Don’t be VAT stupid
There’s one message from the 2010 elections that many so-called policy makers, political elites and analysts did not hear. Namely, the American people are not as uninformed and stupid as they think we are.
President Obama’s Debt Commission and the Bipartisan Policy Center’s Debt Reduction Task Force have both floated their ideas for reducing our nation’s runaway national debt. As CNNMoney.com reports, both sets of ideas echo each other in broad strokes. And both sets of ideas could confuse and confound the leaves off a tree.
These ideas are a long way from becoming law, but they are generating, as intended, much discussion about the merits of each idea.
The worst idea is a proposed national sales tax, which is a disguised VAT (value added tax) on top of everything we already pay in federal taxes.
Here are three of the biggest reasons the national retail sales tax is the worst idea on the table.
First, we have a spending problem in Washington, D.C., not a revenue problem. The Commission claims their goal is to reduce the deficits by $4 trillion over the next decade. The task force says its plan would save $6 trillion by 2020. It’s sort of like dueling promises that would never happen, because when has a proposed cut in Washington D.C. ever produced the intended savings over 10 years? Never!
Even worse is reason number two: In every country that has established a VAT with the promise of reducing its national debt, the VAT has eventually gone up or expanded on top of the existing tax structure. After discovering many of the tax grenades in the recently passed health care deform bill, which is already driving costs up and access down, it would be real easy for an overzealous bureaucrat to insert the language in the legislation “national retail and wholesale” tax.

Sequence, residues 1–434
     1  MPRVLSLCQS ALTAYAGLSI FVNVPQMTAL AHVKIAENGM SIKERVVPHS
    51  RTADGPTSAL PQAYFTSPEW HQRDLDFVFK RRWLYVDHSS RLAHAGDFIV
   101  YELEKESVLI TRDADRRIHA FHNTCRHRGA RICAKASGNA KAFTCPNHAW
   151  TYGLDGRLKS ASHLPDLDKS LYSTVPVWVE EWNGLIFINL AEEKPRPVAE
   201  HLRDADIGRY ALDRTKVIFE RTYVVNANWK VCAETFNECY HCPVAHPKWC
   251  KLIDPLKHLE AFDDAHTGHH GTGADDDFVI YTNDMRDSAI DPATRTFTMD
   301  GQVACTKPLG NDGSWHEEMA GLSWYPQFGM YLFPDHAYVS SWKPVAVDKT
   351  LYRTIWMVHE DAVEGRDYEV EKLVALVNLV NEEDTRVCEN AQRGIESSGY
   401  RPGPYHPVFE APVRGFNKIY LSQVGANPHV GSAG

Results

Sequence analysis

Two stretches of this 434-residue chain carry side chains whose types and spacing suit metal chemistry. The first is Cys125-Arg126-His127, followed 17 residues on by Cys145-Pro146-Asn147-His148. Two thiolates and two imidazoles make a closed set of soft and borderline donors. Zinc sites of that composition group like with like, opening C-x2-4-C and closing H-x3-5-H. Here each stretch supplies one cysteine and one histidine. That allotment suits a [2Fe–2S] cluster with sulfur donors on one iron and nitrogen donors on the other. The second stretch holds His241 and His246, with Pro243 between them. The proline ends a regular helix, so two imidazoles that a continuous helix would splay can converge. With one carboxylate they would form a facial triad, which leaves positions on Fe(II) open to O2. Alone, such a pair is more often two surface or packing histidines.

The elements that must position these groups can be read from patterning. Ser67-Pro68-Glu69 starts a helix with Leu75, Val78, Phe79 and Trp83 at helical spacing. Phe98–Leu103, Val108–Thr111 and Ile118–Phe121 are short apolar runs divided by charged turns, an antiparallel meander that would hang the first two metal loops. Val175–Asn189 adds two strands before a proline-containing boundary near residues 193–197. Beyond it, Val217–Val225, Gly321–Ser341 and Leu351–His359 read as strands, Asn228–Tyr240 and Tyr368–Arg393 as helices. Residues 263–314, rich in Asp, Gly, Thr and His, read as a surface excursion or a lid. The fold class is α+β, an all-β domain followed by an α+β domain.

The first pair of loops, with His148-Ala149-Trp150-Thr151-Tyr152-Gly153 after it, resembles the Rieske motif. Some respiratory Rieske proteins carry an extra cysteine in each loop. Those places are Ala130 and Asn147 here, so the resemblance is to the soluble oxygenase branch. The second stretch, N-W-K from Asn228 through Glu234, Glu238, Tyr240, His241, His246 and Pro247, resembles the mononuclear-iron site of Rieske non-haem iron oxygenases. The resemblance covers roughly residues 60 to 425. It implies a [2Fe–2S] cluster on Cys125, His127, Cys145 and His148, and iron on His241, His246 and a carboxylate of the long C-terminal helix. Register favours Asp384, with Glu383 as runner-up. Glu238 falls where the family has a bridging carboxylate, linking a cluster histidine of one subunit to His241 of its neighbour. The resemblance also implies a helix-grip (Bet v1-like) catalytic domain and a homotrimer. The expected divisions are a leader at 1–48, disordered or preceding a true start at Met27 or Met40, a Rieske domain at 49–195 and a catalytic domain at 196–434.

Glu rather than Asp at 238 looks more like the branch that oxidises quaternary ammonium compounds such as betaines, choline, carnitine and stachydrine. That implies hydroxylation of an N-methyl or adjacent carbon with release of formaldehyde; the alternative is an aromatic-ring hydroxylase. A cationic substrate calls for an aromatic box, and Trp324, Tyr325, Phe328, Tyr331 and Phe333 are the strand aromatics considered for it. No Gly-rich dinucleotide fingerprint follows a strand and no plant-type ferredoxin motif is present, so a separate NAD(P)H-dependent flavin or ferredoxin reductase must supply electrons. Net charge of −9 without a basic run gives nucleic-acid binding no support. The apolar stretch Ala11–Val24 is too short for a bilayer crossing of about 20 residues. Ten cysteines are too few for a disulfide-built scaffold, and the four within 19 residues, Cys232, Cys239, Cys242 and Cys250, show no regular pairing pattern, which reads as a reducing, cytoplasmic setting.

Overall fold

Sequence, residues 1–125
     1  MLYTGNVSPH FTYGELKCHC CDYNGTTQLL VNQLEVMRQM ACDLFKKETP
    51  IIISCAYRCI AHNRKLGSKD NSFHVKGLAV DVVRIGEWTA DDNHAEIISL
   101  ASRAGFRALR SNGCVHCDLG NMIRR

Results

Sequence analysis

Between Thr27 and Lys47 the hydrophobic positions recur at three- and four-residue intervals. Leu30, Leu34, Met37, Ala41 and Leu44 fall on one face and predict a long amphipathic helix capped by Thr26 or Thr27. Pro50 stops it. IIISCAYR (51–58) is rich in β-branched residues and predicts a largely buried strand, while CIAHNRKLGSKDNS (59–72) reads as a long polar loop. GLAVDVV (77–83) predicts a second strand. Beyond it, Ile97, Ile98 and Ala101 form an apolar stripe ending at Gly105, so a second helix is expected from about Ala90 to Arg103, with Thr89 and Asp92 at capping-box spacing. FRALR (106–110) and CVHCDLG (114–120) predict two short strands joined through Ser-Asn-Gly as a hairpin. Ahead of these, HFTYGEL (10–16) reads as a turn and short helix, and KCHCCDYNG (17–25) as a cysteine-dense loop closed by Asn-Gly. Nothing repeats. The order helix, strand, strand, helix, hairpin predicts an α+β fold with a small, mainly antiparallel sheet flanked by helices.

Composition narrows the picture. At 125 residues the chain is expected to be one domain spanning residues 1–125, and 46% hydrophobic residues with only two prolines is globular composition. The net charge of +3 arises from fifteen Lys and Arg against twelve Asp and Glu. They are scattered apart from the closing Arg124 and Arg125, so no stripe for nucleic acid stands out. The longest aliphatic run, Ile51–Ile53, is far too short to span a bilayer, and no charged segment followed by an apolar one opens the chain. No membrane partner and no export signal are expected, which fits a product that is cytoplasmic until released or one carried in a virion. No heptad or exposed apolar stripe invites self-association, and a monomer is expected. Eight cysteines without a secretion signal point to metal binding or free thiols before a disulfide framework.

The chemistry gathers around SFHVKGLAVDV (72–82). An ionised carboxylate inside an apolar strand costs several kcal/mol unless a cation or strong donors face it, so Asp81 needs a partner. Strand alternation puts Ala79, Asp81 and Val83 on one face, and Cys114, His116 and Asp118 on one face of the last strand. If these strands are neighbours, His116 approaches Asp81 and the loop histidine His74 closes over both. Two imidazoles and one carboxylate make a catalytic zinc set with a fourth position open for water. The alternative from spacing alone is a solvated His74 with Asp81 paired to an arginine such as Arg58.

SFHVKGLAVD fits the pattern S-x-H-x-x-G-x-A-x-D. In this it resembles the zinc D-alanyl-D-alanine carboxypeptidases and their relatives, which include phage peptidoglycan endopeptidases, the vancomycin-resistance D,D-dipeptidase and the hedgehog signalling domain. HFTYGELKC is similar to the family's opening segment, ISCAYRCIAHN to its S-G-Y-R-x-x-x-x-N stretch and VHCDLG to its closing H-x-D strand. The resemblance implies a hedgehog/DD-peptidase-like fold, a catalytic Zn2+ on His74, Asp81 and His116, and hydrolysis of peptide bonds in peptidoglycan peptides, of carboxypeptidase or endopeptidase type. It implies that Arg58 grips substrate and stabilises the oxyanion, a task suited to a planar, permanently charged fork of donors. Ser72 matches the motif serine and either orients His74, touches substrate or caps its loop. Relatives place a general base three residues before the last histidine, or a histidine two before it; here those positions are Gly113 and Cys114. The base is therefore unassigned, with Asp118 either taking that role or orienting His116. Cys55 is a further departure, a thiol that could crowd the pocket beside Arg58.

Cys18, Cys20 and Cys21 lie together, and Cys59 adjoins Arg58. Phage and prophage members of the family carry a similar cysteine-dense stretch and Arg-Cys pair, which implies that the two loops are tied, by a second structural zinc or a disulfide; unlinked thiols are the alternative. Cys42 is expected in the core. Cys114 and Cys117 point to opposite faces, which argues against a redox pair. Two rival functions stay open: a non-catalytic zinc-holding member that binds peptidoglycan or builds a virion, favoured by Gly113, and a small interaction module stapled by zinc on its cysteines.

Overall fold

For the liberal naysayers who say that would not happen, you lose! Just look at the Social Security system, Medicare and Medicaid. Over the years since their inception, taxes have gone up, benefits have gone down and they are still on a path of insolvency.
Both the Commission and the Task Force say very little about how costs would be contained, because that’s the real, big, bodacious problem. Even if their plans could achieve their stated goals over the next 10 years, the current administration and Congress have increased spending nearly $4 trillion in the last two years. And the only hope that it will slow down is the new change of control in the House of Representatives.
Giving the administration and Congress another tool to tax us and confuse us is like giving an alcoholic a key to the liquor store with no supervision, only to discover that he locks the door after he is safely inside.
A national retail sales tax on top of all the confusing and unfair taxes we have today is insane! It gives the out-of-control bureaucrats and politicians in denial one more tool to lie, deceive, manipulate and destroy this country.
The third reason the national retail sales tax on top of all the taxes we already pay is a bad idea, is that there is already proposed legislation that replaces all of the federal taxes we pay. It replaces all current revenue. It supercharges our national economic growth, and puts the power of taxation back into the hands of the people who spend their money.
It’s called the Fair Tax. It’s as easy to understand as ABC!
That’s the problem. It’s fair. It is simple and understandable. But the politicians and bureaucrats do not want to give people more control of their own money. That’s why even though the legislation has been introduced in every session of Congress since 1999, it has not advanced.
People are not stupid. Maybe they will hear us in 2012.
Herman Cain is a former CEO, a radio talk show host on AM 750 and 95.5 FM WSB in Atlanta, and a FOX News contributor.